Years ago, in the wars against the barbarian invaders, the Spartans had been allies of Plataea and Athens. But over the decades enmity had grown between the Athenians and Spartans — the two great powers of Greece. They were like a pair of wolves fighting over the carcass of a deer, each with sharp teeth clenched into the hide of the prize, neither one willing to unlock its bloody jaws. The Athenians were the masters of the seas and controlled the islands, keeping their army safe behind the walls of their vast citadel. But even though the Spartans lacked a powerful navy, they were a dominant force on land, and no Greek army dared to meet them in pitched battle.
But the small Spartan expeditionary force that had ventured into Plataean territory two and a half years ago had been filled with hubris. They did not expect the Plataeans to venture from their high-walled citadel and launch a bold attack on the Spartan encampment, and the enemy was surprised and overwhelmed.
Nikias had not taken part in the defeat of those Spartans, however. He'd been recovering from wounds he'd suffered at the hands of a Theban spy named Eurymakus, a man who'd captured Nikias on his way back from a foolhardy journey to Athens to hire mercenaries. A man who had tortured him to the threshold of death....
He glanced down at his right hand — a hand with only four fingers. The littlest one, his signet ring finger, had been cut off where it had joined to the hand so that his signet and the bloody finger could be delivered to his grandfather to let him know that his heir had been taken prisoner. The skin at the nub of the severed digit was still pink and tender. He wondered if it would ever heal.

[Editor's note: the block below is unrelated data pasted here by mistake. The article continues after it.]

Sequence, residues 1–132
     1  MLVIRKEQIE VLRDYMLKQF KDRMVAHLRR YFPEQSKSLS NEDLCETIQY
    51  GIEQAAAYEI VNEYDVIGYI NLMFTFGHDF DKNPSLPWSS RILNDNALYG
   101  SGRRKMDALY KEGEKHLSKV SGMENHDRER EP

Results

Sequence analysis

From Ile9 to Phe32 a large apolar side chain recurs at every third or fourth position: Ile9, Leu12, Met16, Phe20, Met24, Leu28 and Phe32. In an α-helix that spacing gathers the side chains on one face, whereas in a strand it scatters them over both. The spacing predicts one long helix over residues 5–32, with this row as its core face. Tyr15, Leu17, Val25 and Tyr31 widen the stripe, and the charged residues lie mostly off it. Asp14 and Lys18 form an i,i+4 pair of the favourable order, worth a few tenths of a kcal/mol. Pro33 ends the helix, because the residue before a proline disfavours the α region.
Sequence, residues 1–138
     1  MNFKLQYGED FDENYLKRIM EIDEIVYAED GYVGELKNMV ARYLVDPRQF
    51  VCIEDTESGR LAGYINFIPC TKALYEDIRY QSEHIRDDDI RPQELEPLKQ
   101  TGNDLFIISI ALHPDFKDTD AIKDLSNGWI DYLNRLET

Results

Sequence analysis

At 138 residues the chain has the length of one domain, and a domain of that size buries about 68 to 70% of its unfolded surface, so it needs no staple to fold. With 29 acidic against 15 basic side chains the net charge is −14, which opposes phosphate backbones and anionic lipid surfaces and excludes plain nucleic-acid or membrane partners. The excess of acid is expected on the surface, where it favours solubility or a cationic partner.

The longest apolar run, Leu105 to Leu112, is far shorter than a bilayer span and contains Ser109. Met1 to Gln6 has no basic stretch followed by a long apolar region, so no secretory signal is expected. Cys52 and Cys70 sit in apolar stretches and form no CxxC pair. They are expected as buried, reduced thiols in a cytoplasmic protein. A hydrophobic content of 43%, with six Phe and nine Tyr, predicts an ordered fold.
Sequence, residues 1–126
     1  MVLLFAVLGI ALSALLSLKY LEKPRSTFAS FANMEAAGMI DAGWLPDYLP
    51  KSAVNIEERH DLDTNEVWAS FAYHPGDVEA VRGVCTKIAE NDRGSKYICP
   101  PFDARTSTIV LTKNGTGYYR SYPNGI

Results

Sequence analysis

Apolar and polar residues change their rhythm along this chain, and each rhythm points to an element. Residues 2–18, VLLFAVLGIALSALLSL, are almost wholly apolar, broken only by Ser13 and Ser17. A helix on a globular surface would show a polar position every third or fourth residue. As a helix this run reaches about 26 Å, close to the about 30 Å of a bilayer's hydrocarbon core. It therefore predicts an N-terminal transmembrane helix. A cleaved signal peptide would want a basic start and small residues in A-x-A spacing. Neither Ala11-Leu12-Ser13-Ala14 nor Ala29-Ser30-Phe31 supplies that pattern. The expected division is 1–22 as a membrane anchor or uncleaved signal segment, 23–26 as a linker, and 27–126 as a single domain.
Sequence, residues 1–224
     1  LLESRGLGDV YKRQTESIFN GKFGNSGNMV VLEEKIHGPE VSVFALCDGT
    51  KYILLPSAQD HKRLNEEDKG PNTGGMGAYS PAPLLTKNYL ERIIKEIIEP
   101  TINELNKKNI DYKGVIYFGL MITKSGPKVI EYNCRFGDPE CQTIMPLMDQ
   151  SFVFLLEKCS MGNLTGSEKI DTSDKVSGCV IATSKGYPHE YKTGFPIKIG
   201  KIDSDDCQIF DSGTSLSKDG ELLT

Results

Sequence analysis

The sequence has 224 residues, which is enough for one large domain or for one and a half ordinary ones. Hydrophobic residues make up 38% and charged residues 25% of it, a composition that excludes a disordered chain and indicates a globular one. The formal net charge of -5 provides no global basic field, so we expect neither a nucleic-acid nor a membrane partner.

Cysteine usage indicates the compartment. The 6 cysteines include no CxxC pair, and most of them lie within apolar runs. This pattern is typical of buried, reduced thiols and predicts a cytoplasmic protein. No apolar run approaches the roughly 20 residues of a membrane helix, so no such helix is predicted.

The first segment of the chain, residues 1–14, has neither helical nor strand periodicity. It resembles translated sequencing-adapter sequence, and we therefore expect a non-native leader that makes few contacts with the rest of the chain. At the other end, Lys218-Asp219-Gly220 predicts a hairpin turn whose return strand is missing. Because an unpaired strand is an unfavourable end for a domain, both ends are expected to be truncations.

Eurymakus had broken Nikias back then — hung him by his ankles from the rafters of a dark undercroft like a piece of meat in a butcher's shop. The enemy had wrecked his body and toyed with his mind ... hollowed him out like an ox horn that's been carved clean of its pith. And then the Theban had handed him over to the Spartans, who had in turn exchanged Nikias for a Spartan of royal blood. That warrior, though a few years older than Nikias, was his look-alike. And for good reason. He and Prince Arkilokus were first cousins — grandsons of Menesarkus of Plataea, who had traveled to Sparta after the Persian defeat as a guest-friend of the royal family. While there the young Plataean hero had been unwittingly selected for the Spartan "wise breeding" program — seduced by a female royal who harvested his champion's seed....
"Young master?" asked Mula, shaking his arm. "Shouldn't we go?"
"Do you want to try and pull Asterion away from his task?"
"No, but —"
"Then shut up, little brother," said Nikias, and slapped Mula on the back.
Mula frowned and dropped his head submissively.
Nikias's gaze traveled up the forested mountainside of the Kithaerons to the peak where the ridgeline resembled the withers of a swaybacked horse. That was where the Cave of Nymphs lay — the place where he and Kallisto had first made love. His eyes passed down to the citadel of Plataea at the foot of the mountain. The city's mighty twenty-foot-high walls, interspersed with square guard towers every hundred and fifty feet, stood like a stout armored hoplite waiting for battle.
The Thebans had not breached those walls on the night of the sneak attack. Instead the gates had been opened by one of its own citizens — the traitor Nauklydes, a Plataean magistrate who had been bought by the spy Eurymakus ... bought with Persian gold. Nauklydes had forged a secret alliance with the Thebans and Spartans. But they had been defeated, and Nauklydes had been tried and convicted of treason and given the dreaded tunic of stones as his punishment — buried up to his chest in the marketplace and stoned to death by the citizens he had tried to destroy. His bones had been cast outside the boundaries of Plataea to rot in the open: a horrible desecration of a man's flesh that was certain to cause Nauklydes's shade an everlasting torment. For surely the vengeful Furies pursued his spirit now and forever in that other world.
After their defeat, the Thebans had laid low behind their walls, licking their wounds. And the Spartans, fearing reprisal against their elite warriors being held as prisoners in Plataea, had turned their wrath against Plataea's closest ally — Athens — burning homes and trampling crops in the region of Attika while half a million Athenians and their slaves dwelled in safety behind the walls of their immense citadel.